Fine dining Masque found the perfect partner for plating their food
Masque x Curators of Clay: Perfect pairing
“Our moods and even the seasons influence our palette. Our work is an extension of our personalities” – Rohit Kulkarni, Co-Founder, Curators Of Clay
A hunt for the right plating partner for his minimalist fare led Prateek Sadhu, head chef and co-owner of Mumbai’s stellar fine-dine, Masque, to Curators Of Clay. Here, he talks about why the folks behind the Pune pottery studio make for the perfect collaborators.
When Aditi Dugar and I set out to open Masque, we knew we wanted the space to be minimal — all clean lines and muted tones, with influences of Nordic design and the Japanese philosophy of wabi wabi running through it. But we weren’t content with stopping at the decor. Everything you see at Masque today draws from these elements — from the food, right down to the plates we serve it on. We worked tirelessly in the kitchen to achieve the first. And for the second, we took a road trip.
From left: dinner plates, bottles with ceramic stoppers; both Curators Of Clay. Berry yoghurt with granola. ‘Iridescent Dinner Spoon’, Rs. 1,890 (set of four), Thelabellife.com
I first met Rohit Kulkarni and Bhairavi Naik of Pune-based pottery studio Curators Of Clay in July 2016, two months before we threw open the doors of Masque to the public. They both gave up their careers in media before opening their atelier in Bhugaon, on the outskirts of the city. When I saw their work, the realisation was instant. From the shape and size of their creations, to the glaze they chose to use, it was exactly what I had been hunting for. I felt like they already understood the direction we were headed in with Masque — to make the entire meal an experience, not simply put food on a plate. Think of it this way: the food is the creation; the plate is the canvas. They have to complement each other. That’s the only way you get a work of art.
From left: Prateek Sadhu, Rohit Kulkarni and Bhairavi Naik
I jumped head first into the process, working closely with Rohit and Bhairavi, deciding not only on the colours and designs, but materials, characteristics…I would obsess over every inch. They have an exceptional understanding of their craft, and a unique style and sensibility. They also have dozens of different ideas on how to innovate and push boundaries with every piece they design.
From right: Platters and small bowls, bisque-fired bowls and tall mugs, dinner place setting; all Curators Of Clay
Which is why I loved this shoot so much. It let me bring my product to them for once, instead of the other way around. We were on set at the studio by 4am, struggling and desperate for some tea. Rohit didn’t think twice before firing up his kiln and putting a kettle on. It was a saviour, and really got us through the morning. In turn, I whipped up some breakfast to go with it — berry yoghurt with granola, avocado sourdough toast, lemon tart with mulberries, French toast with honey and Pondicherry chocolate, and eggs with Parma ham and mushrooms. Everyone was starving and the food vanished in seconds.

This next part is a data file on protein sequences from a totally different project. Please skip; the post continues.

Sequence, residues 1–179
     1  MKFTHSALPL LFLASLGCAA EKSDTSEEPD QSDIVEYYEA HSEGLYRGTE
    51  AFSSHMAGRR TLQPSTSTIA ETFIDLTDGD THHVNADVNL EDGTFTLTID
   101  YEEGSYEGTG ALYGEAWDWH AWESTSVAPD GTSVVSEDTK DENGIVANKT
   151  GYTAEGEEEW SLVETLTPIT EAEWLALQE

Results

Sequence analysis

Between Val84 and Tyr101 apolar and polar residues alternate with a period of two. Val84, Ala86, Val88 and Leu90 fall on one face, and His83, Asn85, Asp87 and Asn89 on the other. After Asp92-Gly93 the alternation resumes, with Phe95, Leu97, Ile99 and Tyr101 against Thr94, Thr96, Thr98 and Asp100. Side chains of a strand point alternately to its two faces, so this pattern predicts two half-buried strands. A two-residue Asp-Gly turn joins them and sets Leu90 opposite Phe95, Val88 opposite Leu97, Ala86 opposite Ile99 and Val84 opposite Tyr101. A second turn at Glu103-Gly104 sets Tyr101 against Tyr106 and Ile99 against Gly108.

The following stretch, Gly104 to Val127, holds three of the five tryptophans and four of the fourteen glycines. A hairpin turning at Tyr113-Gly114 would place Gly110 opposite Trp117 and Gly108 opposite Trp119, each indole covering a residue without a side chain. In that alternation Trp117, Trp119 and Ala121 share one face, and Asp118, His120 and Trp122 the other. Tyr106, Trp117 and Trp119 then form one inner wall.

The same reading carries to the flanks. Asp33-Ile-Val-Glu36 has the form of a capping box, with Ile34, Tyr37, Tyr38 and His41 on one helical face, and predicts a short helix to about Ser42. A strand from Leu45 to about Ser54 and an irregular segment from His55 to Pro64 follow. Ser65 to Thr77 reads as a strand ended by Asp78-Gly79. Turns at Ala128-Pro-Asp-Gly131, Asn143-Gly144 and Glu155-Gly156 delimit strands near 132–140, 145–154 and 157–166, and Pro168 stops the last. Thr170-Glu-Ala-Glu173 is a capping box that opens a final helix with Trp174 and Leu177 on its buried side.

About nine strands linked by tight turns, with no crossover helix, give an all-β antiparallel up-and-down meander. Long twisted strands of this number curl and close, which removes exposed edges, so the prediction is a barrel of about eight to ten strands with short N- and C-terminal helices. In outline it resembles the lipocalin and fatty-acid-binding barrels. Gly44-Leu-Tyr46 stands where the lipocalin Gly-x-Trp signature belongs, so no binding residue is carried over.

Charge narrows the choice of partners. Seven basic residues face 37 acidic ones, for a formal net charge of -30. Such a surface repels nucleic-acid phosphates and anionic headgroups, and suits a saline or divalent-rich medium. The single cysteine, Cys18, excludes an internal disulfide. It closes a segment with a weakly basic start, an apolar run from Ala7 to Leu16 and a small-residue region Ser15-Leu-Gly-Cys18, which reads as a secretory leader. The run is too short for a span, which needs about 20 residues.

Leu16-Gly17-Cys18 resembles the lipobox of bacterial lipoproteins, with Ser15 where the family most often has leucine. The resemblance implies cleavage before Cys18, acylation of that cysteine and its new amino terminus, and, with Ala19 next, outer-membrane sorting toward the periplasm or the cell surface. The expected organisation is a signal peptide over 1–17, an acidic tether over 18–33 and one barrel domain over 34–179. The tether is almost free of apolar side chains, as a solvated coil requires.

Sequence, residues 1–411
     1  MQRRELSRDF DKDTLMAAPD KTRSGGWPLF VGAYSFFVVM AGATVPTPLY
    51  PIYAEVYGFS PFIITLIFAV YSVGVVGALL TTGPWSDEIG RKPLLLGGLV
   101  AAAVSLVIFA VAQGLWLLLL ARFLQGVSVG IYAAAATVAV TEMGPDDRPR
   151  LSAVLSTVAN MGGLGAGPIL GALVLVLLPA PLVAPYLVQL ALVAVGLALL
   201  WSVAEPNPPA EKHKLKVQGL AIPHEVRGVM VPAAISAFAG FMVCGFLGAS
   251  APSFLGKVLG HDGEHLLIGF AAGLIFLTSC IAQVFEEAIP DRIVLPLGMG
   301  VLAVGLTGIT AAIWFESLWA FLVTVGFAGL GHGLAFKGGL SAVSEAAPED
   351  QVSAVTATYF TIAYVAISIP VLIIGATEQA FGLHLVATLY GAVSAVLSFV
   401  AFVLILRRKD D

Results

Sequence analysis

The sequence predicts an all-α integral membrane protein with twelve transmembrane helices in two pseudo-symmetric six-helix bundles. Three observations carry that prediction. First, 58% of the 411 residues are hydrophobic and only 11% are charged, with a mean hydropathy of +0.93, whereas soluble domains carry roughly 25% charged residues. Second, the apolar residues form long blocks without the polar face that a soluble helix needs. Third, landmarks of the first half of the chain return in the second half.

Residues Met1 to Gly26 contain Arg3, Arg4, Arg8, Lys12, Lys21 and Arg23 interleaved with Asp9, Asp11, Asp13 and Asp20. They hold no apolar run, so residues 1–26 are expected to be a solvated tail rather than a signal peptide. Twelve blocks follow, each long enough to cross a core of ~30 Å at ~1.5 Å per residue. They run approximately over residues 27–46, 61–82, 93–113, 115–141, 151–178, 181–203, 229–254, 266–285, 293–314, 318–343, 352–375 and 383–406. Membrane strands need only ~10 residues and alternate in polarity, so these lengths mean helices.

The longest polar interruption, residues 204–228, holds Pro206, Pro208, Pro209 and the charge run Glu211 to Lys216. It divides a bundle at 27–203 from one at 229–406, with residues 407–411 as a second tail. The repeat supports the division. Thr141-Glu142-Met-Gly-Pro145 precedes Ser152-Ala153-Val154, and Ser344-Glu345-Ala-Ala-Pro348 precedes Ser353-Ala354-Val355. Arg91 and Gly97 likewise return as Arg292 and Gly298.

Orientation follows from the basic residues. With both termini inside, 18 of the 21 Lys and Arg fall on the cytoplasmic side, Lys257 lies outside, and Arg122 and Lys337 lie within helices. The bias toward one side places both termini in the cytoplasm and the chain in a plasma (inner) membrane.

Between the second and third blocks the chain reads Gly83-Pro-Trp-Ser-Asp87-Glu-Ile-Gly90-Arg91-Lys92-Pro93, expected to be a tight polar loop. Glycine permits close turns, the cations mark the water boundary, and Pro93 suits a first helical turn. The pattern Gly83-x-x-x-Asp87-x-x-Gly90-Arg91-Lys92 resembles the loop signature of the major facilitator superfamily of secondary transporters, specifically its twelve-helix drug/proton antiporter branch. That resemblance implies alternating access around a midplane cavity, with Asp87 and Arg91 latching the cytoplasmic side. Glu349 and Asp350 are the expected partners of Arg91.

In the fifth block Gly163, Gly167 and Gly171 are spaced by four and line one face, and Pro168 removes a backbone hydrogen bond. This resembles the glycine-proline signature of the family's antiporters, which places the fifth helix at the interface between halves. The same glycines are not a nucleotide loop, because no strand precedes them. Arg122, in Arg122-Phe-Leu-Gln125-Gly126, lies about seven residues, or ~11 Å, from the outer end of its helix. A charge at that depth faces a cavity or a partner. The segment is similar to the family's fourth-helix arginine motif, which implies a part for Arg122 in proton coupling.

From right: Tea being made in the kiln. A kettle that didn’t make the cut. Creamers, bowls and plates; some bisquefired, others awaiting firing
Working with Rohit and Bhairavi is always a blast. I’ll pick up the phone and explain what I want, we’ll discuss the vision, and they’ll offer brilliant ideas of how to turn my thoughts into reality. Sure, we may argue over glazes, timelines and delivery dates, but they’re part of the family now, squabbles included.
“We develop our own glazes from scratch, in earthy tones such as blue, green and grey” - Bhairavi Naik, Co-Founder, Curators Of Clay
Cream cheese dressing, sourdough For the cream cheese dressing: 50gm cream cheese, 1gm salt, a pinch of pepper
Beat the cream cheese in a bowl till there are no lumps. Add salt and pepper to taste
Toast slices of sourdough. Spread butter followed by the cream cheese dressing. Place sliced avocados on top. Garnish with some herbs or seed granola.
‘Iridescent Heart Spoon’, Thelabellife.com
Eggs, Parma ham and king oyster mushrooms
Fill a pan with water and set to boil. Adjust the heat to keep the water simmering. Break eggs one at a time into a small cup. Hold the cup close to the surface of the pan. Gently slip the egg into the simmering water. Cook until the egg white is completely set and the yolk begins to thicken, but is not hard. Do not stir. Lift the eggs from the water with a slotted spoon onto a paper towel. Sprinkle with salt and pepper.
Cut a slice of sourdough and spread on any flavoured butter. In a serving plate, place the poached egg, Parma ham and seared mushrooms.
Lemon tart with mulberries. ‘Brass Dinner Knife’, Thelabellife.com.
Blind bake for the perfect crust. It seals the surface of the pastry and the result is crisp.
French toast with honey and Pondicherry chocolate. ‘Brass Dinner Knife’, Thelabellife.com
Use full-fat dairy for a richer French toast and sprinkle sugar on each side for a nice caramelised crust
Photographs: Tanuj Ahuja
Art Director: Mrudul Pathak Kundu